In a 2011 article in Jacobin magazine, the Australian political economist Mike Beggs accuses the defenders of ‘orthodox’ Marxist economic theory of creating a ‘zombie Marx’. What matters, Beggs seems to suggest, is not really whether this or that economic theory is correct in its foundations, about which the neoclassical economists of today’s orthodoxy are just as dogmatic as the Marxists are about theirs. Rather, the significance of economic ideas rests in the practice. This practice consists of what he, citing David Harvey, calls “casual empiricism”: “for example, in analyzing the relationship between the US federal government’s deficit and long term interest rates.” The search for foundationalism, being able to found any given economic finding along such empirical or econometric lines on a well-defined and general theory, is the province of a rigid minority of neoclassical economists, and has little to do with the everyday practice of economics. Or so Beggs would have us believe.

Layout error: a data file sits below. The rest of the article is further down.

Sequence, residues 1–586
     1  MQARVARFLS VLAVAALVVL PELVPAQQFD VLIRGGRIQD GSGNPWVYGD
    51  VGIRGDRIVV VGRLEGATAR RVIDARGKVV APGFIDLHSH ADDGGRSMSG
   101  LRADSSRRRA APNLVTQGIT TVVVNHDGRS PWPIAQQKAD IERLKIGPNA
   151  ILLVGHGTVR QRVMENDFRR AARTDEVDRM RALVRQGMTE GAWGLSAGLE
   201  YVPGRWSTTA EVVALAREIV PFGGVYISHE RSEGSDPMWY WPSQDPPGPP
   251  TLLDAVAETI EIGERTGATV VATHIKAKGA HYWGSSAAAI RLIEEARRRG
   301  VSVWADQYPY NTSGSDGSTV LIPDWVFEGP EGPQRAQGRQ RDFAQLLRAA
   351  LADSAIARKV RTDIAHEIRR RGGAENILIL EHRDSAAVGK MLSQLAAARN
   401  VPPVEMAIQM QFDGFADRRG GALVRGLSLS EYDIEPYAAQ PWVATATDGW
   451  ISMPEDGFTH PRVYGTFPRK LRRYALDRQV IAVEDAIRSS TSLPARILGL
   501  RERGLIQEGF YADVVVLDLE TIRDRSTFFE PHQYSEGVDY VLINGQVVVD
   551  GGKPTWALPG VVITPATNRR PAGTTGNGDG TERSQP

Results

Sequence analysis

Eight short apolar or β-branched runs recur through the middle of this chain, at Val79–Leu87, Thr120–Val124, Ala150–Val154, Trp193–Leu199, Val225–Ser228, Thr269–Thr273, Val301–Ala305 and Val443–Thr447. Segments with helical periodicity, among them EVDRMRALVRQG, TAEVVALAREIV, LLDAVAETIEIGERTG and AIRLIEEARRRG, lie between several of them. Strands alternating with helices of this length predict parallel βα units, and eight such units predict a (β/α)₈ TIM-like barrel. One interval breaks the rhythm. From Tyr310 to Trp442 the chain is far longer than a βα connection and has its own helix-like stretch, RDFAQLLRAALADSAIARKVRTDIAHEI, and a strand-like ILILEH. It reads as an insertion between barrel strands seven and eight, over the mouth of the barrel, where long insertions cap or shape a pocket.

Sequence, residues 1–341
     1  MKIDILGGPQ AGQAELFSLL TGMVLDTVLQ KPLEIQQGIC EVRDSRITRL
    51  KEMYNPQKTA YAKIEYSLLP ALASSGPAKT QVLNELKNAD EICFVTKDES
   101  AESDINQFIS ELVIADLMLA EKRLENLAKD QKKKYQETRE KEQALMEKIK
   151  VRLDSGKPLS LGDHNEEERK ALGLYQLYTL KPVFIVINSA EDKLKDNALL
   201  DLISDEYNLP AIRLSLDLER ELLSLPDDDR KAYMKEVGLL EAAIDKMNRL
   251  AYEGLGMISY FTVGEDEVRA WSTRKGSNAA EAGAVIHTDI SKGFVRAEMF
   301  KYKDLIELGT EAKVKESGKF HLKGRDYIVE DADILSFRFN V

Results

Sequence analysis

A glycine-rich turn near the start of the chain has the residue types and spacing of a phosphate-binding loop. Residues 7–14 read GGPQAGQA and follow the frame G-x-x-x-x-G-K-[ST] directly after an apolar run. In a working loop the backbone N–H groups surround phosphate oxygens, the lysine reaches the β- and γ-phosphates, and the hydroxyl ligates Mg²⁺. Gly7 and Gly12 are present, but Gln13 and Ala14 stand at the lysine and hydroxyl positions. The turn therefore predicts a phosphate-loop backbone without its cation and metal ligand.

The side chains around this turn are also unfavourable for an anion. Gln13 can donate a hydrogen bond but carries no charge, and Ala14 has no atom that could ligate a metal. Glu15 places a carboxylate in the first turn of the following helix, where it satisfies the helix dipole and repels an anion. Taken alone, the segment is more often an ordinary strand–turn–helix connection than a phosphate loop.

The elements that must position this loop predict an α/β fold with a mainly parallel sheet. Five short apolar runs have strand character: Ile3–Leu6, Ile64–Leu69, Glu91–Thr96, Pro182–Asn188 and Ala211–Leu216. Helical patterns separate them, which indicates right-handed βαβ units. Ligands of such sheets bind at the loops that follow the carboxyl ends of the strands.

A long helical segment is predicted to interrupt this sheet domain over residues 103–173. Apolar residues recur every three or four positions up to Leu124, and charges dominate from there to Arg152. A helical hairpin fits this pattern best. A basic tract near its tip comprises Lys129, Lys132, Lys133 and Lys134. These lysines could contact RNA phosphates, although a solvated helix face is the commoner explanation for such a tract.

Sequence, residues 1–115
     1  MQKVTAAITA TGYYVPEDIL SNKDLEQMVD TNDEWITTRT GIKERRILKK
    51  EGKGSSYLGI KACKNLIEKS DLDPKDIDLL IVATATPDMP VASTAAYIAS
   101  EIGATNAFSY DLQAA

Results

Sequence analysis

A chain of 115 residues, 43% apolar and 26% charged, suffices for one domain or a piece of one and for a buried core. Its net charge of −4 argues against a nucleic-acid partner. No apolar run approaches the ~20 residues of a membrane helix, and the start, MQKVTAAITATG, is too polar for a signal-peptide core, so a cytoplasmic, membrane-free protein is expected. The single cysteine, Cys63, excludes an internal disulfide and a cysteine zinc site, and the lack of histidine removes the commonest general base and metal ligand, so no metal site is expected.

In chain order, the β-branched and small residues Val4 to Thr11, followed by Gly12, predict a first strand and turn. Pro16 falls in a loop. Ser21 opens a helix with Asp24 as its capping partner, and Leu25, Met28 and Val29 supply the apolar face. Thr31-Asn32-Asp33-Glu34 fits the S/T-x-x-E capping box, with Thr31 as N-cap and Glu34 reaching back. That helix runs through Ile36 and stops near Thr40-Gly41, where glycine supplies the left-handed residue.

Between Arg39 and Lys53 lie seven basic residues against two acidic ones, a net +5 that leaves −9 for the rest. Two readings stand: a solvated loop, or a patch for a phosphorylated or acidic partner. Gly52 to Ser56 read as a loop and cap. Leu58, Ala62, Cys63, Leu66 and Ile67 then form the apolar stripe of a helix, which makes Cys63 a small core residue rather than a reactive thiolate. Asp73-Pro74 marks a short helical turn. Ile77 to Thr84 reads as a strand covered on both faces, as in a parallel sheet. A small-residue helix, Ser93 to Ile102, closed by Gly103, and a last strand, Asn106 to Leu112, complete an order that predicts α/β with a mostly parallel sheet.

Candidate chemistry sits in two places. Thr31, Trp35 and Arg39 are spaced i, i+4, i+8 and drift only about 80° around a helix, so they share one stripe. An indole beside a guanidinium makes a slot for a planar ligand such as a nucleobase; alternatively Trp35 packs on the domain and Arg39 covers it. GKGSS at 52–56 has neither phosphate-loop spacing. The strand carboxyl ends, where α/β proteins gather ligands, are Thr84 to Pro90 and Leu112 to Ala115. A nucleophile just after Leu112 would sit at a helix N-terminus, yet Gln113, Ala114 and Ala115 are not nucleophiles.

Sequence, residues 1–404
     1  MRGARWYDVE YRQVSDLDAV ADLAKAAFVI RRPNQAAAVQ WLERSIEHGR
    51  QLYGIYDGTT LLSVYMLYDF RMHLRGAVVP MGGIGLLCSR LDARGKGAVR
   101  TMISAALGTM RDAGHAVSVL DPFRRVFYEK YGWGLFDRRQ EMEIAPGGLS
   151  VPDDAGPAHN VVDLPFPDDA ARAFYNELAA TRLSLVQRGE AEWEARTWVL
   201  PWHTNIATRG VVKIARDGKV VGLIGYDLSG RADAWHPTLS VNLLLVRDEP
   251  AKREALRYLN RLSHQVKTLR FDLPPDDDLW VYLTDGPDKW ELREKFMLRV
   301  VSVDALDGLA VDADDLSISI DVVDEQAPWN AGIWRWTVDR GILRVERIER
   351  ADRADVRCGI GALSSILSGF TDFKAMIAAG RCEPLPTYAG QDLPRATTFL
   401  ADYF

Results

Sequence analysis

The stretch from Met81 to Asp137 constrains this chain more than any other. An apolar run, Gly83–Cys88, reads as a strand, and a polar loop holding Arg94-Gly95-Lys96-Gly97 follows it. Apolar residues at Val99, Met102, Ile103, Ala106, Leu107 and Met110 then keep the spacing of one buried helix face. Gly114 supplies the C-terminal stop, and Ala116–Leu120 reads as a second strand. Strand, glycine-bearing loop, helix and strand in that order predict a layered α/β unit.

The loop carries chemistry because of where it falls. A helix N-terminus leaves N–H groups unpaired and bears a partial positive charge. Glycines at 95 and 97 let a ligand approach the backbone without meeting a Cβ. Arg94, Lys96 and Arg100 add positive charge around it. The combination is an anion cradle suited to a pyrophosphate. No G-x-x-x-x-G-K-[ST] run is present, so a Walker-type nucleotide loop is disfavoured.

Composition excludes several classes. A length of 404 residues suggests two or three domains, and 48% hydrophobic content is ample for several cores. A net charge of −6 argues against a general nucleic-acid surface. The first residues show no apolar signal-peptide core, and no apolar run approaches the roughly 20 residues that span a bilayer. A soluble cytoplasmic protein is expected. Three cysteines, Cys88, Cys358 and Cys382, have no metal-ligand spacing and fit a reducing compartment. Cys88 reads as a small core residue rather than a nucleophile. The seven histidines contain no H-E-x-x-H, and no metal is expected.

He then goes on to conclude from this that it is the Marxists who have a problem, not the neoclassical economists. Unlike their mainstream neoclassical counterparts, Beggs suggests, the Marxist economists have a tendency to prefer ‘going back to the text’ to advancing economic knowledge, and this process has to do with the political commitments of Marxism outside the mainstream. Essentially, Beggs argues that Marxism as a rival school of thought in economics fails, and must fail, precisely because it is not mainstream and does not reconstruct itself along the lines of the methods of the mainstream: “The pursuit of a separate system of economics as something wholly other from mainstream economics isolates us from the political and ideological space where these things take place: better, instead, to fight from the inside, to make clear the social and political content of the categories.” Continue reading “Zombifying Marx”